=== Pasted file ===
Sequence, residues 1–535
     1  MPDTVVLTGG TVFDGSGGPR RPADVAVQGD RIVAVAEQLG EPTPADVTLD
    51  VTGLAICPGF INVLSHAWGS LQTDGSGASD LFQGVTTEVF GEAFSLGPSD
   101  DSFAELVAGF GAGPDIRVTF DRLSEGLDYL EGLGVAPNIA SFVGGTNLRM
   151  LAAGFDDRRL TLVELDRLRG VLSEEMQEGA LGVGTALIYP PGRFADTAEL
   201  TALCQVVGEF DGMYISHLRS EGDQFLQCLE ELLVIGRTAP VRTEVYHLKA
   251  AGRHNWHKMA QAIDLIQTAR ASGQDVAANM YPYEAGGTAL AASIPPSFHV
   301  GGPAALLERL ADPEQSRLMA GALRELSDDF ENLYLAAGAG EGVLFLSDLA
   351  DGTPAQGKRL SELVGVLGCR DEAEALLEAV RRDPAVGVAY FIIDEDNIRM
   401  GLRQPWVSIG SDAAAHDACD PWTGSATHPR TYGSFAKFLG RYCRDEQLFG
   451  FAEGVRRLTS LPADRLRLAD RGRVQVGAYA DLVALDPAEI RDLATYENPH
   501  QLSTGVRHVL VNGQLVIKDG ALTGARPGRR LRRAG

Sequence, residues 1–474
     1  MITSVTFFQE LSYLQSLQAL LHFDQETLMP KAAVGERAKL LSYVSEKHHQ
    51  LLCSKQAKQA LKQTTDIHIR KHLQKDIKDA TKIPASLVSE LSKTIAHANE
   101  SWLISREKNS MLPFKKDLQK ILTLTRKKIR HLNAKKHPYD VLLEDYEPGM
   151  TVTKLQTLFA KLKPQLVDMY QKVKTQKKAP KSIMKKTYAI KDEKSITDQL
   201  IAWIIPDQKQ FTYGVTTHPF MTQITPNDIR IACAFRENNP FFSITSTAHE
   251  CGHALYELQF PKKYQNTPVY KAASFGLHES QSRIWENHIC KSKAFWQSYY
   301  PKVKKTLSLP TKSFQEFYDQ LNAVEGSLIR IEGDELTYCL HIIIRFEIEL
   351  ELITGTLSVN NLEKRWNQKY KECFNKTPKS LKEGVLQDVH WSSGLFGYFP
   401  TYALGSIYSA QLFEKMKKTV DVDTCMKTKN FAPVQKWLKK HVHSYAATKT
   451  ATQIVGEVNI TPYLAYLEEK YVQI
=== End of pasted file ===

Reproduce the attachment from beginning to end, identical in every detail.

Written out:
Sequence, residues 1–535
     1  MPDTVVLTGG TVFDGSGGPR RPADVAVQGD RIVAVAEQLG EPTPADVTLD
    51  VTGLAICPGF INVLSHAWGS LQTDGSGASD LFQGVTTEVF GEAFSLGPSD
   101  DSFAELVAGF GAGPDIRVTF DRLSEGLDYL EGLGVAPNIA SFVGGTNLRM
   151  LAAGFDDRRL TLVELDRLRG VLSEEMQEGA LGVGTALIYP PGRFADTAEL
   201  TALCQVVGEF DGMYISHLRS EGDQFLQCLE ELLVIGRTAP VRTEVYHLKA
   251  AGRHNWHKMA QAIDLIQTAR ASGQDVAANM YPYEAGGTAL AASIPPSFHV
   301  GGPAALLERL ADPEQSRLMA GALRELSDDF ENLYLAAGAG EGVLFLSDLA
   351  DGTPAQGKRL SELVGVLGCR DEAEALLEAV RRDPAVGVAY FIIDEDNIRM
   401  GLRQPWVSIG SDAAAHDACD PWTGSATHPR TYGSFAKFLG RYCRDEQLFG
   451  FAEGVRRLTS LPADRLRLAD RGRVQVGAYA DLVALDPAEI RDLATYENPH
   501  QLSTGVRHVL VNGQLVIKDG ALTGARPGRR LRRAG

Sequence, residues 1–474
     1  MITSVTFFQE LSYLQSLQAL LHFDQETLMP KAAVGERAKL LSYVSEKHHQ
    51  LLCSKQAKQA LKQTTDIHIR KHLQKDIKDA TKIPASLVSE LSKTIAHANE
   101  SWLISREKNS MLPFKKDLQK ILTLTRKKIR HLNAKKHPYD VLLEDYEPGM
   151  TVTKLQTLFA KLKPQLVDMY QKVKTQKKAP KSIMKKTYAI KDEKSITDQL
   201  IAWIIPDQKQ FTYGVTTHPF MTQITPNDIR IACAFRENNP FFSITSTAHE
   251  CGHALYELQF PKKYQNTPVY KAASFGLHES QSRIWENHIC KSKAFWQSYY
   301  PKVKKTLSLP TKSFQEFYDQ LNAVEGSLIR IEGDELTYCL HIIIRFEIEL
   351  ELITGTLSVN NLEKRWNQKY KECFNKTPKS LKEGVLQDVH WSSGLFGYFP
   401  TYALGSIYSA QLFEKMKKTV DVDTCMKTKN FAPVQKWLKK HVHSYAATKT
   451  ATQIVGEVNI TPYLAYLEEK YVQI